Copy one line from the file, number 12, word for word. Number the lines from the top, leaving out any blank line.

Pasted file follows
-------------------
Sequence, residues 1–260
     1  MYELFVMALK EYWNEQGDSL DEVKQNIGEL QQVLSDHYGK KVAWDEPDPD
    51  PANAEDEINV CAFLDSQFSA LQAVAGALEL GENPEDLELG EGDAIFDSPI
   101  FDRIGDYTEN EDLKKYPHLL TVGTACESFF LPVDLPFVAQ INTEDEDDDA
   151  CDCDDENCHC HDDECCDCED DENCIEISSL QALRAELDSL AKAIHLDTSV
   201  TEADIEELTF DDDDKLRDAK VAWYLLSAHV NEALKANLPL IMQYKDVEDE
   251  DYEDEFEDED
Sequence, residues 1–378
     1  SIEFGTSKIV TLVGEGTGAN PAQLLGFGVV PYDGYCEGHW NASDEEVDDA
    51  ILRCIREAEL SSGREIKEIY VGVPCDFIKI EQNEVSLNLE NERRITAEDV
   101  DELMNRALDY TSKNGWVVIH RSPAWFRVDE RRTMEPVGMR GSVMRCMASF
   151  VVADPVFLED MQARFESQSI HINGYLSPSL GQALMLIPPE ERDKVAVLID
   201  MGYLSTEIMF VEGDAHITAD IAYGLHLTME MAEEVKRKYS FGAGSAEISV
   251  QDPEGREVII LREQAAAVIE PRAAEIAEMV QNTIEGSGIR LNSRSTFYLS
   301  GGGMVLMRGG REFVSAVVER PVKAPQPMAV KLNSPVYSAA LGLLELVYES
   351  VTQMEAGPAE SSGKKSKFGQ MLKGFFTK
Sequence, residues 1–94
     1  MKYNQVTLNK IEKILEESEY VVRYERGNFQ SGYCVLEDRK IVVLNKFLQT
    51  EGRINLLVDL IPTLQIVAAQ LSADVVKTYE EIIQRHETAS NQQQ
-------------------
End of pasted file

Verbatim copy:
   151  VVADPVFLED MQARFESQSI HINGYLSPSL GQALMLIPPE ERDKVAVLID